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BackTrack 3, the EEE 701, and Disk Encryption

Explanation and Advantages

I recently decided to make BackTrack 3 the primary OS on my pearly EEE 701.  Given my EEE’s whopping 4GB of solid-state storage, I decided that rather than installing BackTrack directly onto the SSD, I would instead install the live distro to an 8GB SDHC card I had lying around, and use the remaining internal 4GB SSD as an encrypted /root partition using cryptsetup.  There are a few distinct advantages of such a setup.  Firstly, since the OS is installed as a live distro on a removable device, portability is not sacrificed – I am still able to boot into BackTrack from the same SDHC card plugged into another machine (assuming, of course, that machines BIOS supports booting from SD.)  Secondly, by overriding the default /root partition which is created by root.lzm, any changes I make to /root are persistent, and do not require a recompression of root.lzm.  This allows me to store application settings and files in a much more convenient manner.  Thirdly, since /root is encrypted, saving settings or files containing passwords or other sensitive information is less of a security risk.


To install BackTrack onto the SDHC card, we use the same method as a USB install.  Format the SDHC to contain a vfat filesystem.  Extract the BackTrack 3 USB .iso file into the filesystem mount point, and run boot/bootinst.sh.  I tried this in Ubuntu 8.10, and had some trouble: the device was recognized as /dev/mmcblk0 and the partition as /dev/mmcblk0p1, a designation that shell script got mixed up on.  Running the script on the EEE’s previous OS, Xubuntu 8.04, the device and partition were recognized as /dev/sda and /dev/sda1, and I encountered no further problems.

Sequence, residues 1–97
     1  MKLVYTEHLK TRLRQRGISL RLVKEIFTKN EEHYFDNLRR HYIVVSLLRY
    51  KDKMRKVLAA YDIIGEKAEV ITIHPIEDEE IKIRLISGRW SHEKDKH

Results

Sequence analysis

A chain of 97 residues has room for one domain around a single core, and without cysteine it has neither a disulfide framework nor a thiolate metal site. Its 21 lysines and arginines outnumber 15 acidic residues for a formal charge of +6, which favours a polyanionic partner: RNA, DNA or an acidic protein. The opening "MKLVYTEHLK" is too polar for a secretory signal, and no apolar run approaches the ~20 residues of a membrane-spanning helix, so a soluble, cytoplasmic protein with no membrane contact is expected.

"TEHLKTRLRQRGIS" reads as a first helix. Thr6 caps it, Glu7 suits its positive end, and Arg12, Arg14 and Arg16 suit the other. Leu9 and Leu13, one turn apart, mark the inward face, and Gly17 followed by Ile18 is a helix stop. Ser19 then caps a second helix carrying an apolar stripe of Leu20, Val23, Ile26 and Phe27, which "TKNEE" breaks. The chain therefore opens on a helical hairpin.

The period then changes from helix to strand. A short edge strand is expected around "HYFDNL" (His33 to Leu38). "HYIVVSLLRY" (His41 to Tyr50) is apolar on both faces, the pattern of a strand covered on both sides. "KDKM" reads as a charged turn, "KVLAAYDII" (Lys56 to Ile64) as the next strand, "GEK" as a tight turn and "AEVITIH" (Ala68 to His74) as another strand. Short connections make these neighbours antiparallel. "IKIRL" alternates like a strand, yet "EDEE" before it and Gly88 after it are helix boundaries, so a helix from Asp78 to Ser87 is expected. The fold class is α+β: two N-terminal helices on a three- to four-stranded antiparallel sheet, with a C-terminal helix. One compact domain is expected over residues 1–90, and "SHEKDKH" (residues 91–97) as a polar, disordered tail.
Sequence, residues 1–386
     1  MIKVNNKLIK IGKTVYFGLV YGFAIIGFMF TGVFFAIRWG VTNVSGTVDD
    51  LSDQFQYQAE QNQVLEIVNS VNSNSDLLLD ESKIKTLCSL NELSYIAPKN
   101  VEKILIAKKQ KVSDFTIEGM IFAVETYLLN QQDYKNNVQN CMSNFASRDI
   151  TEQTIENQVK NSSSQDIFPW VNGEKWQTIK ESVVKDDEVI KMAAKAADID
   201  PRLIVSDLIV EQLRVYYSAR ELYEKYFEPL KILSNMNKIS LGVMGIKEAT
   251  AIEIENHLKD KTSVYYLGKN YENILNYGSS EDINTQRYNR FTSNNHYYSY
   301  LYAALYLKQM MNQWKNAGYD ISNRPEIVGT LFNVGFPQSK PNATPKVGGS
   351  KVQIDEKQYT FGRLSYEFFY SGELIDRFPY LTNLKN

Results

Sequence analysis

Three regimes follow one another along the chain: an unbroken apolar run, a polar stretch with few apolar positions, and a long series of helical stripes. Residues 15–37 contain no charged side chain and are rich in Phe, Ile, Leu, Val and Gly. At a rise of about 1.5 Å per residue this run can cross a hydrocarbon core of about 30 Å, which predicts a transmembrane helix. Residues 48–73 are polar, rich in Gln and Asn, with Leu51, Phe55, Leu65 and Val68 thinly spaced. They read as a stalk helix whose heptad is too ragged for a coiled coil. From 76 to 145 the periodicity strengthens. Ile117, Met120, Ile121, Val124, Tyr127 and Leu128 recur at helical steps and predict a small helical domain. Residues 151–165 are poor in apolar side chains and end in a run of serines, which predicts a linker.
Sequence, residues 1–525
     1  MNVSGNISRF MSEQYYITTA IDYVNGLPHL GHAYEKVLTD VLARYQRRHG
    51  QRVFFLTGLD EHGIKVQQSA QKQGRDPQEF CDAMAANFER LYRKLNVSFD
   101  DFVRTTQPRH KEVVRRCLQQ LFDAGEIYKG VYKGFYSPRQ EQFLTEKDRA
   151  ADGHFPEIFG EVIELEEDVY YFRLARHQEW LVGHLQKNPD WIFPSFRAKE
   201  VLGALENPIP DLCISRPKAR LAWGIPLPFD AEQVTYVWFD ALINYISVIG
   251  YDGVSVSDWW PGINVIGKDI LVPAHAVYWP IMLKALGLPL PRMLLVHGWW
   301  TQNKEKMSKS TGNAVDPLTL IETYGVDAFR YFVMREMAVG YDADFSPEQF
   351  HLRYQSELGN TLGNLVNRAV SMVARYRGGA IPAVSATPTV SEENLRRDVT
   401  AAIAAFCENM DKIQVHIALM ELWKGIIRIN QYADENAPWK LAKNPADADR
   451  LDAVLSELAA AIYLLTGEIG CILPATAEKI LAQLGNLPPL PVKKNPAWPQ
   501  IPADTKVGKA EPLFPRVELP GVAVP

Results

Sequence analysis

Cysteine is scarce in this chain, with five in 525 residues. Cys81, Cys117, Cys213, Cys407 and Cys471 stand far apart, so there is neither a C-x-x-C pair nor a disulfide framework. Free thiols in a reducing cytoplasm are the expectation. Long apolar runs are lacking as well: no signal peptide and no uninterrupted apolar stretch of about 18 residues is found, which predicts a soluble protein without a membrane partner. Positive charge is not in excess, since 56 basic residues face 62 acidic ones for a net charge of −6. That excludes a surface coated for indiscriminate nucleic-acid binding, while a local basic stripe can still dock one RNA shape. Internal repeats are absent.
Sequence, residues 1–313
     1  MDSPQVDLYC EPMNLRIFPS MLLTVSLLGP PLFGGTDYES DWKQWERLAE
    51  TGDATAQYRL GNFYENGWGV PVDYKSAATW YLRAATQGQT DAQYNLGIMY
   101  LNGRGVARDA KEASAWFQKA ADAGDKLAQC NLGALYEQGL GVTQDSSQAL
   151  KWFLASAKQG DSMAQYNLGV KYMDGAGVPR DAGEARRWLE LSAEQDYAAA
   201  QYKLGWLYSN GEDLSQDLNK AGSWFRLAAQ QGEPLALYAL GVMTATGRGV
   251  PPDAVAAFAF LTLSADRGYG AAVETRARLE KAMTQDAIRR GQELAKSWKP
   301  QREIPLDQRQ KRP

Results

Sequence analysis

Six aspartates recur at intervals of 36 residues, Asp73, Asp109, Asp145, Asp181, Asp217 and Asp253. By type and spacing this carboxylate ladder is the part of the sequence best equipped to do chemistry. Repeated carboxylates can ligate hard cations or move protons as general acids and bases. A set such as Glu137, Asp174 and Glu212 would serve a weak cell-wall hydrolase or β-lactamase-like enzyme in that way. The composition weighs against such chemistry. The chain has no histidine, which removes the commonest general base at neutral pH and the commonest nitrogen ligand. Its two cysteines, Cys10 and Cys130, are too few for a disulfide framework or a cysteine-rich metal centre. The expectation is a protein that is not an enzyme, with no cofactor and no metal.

Once we boot into BackTrack, we configure and install cryptsetup:

cd ~
wget http://luks.endorphin.org/source/cryptsetup-1.0.5.tar.bz2
tar -xvf cryptsetup-1.0.5.tar.bz2
cd cryptsetup-1.0.5
make install

Next, we create a .lzm file for cryptsetup to ensure that it will be available each time we boot:

mkdir -p usr/include usr/lib usr/man/man8 usr/sbin usr/share/locale/de/LC_MESSAGES
cp /usr/include/libcryptsetup.h usr/include/
cp /usr/lib/cryptsetup usr/lib/
cp /usr/lib/libcryptsetup.* usr/lib/
cp /usr/man/man8/cryptsetup.8 usr/man/man8/
cp /usr/sbin/cryptsetup usr/sbin/
cp /usr/share/locale/de/LC_MESSAGES/cryptsetup.mo usr/share/locale/de/LC_MESSAGES/
tar -zcvf cryptsetup.tgz usr/
tgz2lzm cryptsetup.tgz cryptsetup.lzm
cp cryptsetup.lzm /mnt/sda1/BT3/modules/ # my mountpoint was /mnt/sda1, yours probably is too

Now we have cryptsetup available in the live environment.  Next step is to format the EEE’s internal SSD.  I set up one primary filesystem, recognized as hdc1.  We’ll be formatting this with cryptsetup using a secure passphrase.

cfdisk # to set up the partition
umount /dev/hdc1
cryptsetup luksFormat /dev/hdc1
cryptsetup luksOpen /dev/hdc1 root_dir
mkfs.ext2 /dev/mapper/root_dir

And now we have an encrypted partition on the SSD.  Next mount it and copy the existing BackTrack /root files.

mkdir /mnt/root_dir
mount /dev/mapper/root_dir /mnt/root_dir
cp -a /root /mnt/root_dir
mv /mnt/root_dir/root/* /mnt/root_dir/root/.* /mnt/root_dir/
rmdir /mnt/root_dir/root

And we’re almost done.  We’ll create a script to make it easy to mount our /root every time we boot.  Create a file in /root/root/decrypt_root.sh with the following contents:

cryptsetup luksOpen /dev/hdc1 root_dir
mount /dev/mapper/root_dir /root

Finally, create an .lzm file for the script.

cd ~
tar -zcvf decrypt_root.tgz root/
tgz2lzm decrpyt_root.tgz decrypt_root.lzm
cp decrypt_root.lzm /mnt/sda1/BT3/modules/